The Washington Federation of State Employees has reached a tentative two-year labor agreement with Gov. Jay Inslee’s bargaining team that will raise most state agency workers’ pay by 3 percent next July and approximately 1.8 percent in 2016.
Some workers will get additional 2.5 percent raises, according to the federation’s description of the contract, which was settled about 1:23 a.m. Thursday. The deal still needs to be ratified by the more than 30,000 federation members in state government agencies.
The agreement with the federation, the largest state worker union, sets down a marker for other contracts yet to be decided.
Inslee’s budget office – the Office of Financial Management – said in a statement that the terms of the federation’s contract would add about $250 million in costs to the state’s general fund obligations over two years, if extended to all unionized and non-represented workers in general government agencies that have federation members.
OFM said in a statement that it would make a determination of whether the contract is financially feasible after the Nov. 19 state revenue forecast. It noted that the state has a “projected $1 billion to $3 billion shortfall in 2015-17 due largely to a huge investment that is due for K-12 public schools, and state lawmakers would need to provide funds to pay for the raises.”
That shortfall is shaping up even as the economy recovers and state revenues grow. A new quarterly forecast on Thursday added $139 million to expected state revenues in the next budget cycle, when the state expects to receive about $2.7 billion more in tax receipts than in the current cycle. But costs for many programs are also rising.
”I don’t see how (the contracts) can be financially feasible without new and higher taxes,” Senate Republican Leader Mark Schoesler of Ritzville said. “Both are in play when you spend more than you have.
Schoesler said that while the size of the proposed raises is “within bounds,” the issue is that the state Supreme Court found lawmakers in contempt of court in the McCleary case because they has not done more to meet its constitutional duty to fully fund basic education in K-12 schools. “Zero is not my goal for public employees but the courts have been very clear what our highest priority has to be. We are in contempt of court,’’ he said.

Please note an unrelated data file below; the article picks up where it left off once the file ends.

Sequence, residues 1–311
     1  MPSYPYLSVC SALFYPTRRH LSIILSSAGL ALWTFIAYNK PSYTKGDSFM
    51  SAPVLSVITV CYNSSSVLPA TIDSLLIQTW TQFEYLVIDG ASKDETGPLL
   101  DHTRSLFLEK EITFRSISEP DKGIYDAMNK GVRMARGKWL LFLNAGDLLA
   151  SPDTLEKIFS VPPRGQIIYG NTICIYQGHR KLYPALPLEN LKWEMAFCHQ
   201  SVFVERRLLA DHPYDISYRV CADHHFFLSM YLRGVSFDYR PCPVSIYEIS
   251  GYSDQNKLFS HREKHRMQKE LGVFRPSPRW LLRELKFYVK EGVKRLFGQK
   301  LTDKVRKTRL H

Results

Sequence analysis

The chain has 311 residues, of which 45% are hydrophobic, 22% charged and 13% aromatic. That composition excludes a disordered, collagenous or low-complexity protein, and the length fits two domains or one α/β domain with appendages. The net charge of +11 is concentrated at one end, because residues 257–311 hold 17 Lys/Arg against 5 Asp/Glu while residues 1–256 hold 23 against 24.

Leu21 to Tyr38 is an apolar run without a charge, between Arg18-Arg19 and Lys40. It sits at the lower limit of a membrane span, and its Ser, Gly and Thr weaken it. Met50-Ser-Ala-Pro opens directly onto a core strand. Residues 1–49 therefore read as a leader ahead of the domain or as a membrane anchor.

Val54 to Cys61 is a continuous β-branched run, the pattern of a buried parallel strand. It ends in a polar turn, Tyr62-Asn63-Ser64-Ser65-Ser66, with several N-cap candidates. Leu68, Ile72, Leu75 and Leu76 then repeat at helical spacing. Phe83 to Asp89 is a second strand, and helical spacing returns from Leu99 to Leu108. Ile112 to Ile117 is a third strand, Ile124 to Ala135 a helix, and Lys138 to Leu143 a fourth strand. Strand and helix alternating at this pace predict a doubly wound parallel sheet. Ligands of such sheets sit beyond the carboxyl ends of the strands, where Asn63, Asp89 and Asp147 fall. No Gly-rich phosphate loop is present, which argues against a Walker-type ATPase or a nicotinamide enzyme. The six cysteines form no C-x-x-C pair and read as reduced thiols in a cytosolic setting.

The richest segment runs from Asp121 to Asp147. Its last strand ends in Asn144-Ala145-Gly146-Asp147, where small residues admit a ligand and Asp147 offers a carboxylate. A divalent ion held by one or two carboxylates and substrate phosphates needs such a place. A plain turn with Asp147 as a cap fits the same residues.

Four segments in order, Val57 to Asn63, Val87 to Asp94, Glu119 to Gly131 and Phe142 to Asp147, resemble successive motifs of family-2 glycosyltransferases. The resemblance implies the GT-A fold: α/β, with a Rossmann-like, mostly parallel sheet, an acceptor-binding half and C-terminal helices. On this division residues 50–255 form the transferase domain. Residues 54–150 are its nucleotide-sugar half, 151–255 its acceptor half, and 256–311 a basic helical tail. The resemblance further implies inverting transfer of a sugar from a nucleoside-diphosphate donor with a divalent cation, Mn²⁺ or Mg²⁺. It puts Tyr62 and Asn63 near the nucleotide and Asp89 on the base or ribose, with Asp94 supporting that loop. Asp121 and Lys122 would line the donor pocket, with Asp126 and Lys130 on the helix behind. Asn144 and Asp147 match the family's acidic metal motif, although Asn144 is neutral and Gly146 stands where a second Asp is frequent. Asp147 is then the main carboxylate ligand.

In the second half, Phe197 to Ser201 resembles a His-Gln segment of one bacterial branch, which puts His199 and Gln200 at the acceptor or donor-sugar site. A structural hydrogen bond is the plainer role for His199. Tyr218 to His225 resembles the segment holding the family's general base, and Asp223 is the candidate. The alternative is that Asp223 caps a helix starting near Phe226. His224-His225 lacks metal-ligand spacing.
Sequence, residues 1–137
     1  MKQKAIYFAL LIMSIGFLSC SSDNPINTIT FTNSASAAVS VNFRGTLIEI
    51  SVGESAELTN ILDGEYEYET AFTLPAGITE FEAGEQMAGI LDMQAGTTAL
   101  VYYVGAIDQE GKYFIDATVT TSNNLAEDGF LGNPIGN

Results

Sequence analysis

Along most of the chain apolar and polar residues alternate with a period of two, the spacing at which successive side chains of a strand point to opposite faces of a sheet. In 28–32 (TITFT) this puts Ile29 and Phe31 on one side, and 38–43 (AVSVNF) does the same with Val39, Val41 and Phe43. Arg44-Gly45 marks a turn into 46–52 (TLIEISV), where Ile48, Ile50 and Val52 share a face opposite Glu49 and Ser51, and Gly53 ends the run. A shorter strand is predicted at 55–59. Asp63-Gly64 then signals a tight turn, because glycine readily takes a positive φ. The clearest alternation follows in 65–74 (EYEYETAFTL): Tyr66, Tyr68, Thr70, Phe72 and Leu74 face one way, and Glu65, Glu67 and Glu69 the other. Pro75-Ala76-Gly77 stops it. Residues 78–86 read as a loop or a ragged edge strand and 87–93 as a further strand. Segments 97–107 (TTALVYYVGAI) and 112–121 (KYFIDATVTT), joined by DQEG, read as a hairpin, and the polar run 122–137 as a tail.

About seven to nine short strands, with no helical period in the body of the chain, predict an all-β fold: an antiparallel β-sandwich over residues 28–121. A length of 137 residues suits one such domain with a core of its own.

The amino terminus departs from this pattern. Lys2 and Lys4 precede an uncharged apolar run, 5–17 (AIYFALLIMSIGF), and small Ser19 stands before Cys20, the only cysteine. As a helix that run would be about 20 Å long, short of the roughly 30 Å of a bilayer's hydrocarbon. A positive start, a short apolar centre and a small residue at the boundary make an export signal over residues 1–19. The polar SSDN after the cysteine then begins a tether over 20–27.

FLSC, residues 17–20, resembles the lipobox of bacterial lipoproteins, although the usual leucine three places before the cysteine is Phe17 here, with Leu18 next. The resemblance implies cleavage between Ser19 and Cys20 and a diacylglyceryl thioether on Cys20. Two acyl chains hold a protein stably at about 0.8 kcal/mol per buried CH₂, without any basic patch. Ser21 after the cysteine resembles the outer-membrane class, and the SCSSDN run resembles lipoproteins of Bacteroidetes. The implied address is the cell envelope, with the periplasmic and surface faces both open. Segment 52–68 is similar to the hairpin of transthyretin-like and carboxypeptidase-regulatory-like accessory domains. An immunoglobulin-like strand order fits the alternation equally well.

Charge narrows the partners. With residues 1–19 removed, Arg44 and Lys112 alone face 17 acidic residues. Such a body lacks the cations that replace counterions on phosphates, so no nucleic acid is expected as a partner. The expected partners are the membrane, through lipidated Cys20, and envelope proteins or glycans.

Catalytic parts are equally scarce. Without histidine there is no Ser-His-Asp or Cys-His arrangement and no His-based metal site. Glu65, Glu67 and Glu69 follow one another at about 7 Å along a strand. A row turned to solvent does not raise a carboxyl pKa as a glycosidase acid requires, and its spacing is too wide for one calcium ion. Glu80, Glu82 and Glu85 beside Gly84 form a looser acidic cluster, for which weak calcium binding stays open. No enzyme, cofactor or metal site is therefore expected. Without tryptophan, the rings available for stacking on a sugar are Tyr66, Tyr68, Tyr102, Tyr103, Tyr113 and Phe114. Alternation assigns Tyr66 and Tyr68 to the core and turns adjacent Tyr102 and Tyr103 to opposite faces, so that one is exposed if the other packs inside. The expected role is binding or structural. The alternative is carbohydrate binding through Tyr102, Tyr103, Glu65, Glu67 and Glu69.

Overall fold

Terms of the latest deal appeared slightly better for workers than the 3 percent and 1 percent raises negotiated between the federation and the administrations of Western Washington University and The Evergreen State College. But the college contracts have a “me-too” clause that would allow the second-year raises to be increased if general government workers receive larger raises.
Inslee, a Democrat, has said public employees including teachers deserve cost-of-living pay adjustments next year. The last cost-of-living adjustment was in 2008; roughly a third of workers receive step raises each year that are tied to increased experience, but those top out after a few years.
In an email announcing the tentative pact to union members, federation spokesman Tim Welch said pay in the second year is either 1.8 percent or 11.5 cents per hour, whichever is larger.
He estimated 95 percent of workers would receive 1.8 percent, but that the other provision is in place to help lower wage workers. Welch said about 2,800 workers in certain job classes – where pay inequities are found – would receive an additional 2.5 percent increase, but he did not elaborate.
Talks on a health care agreement continue for about 26 unions, including the federation.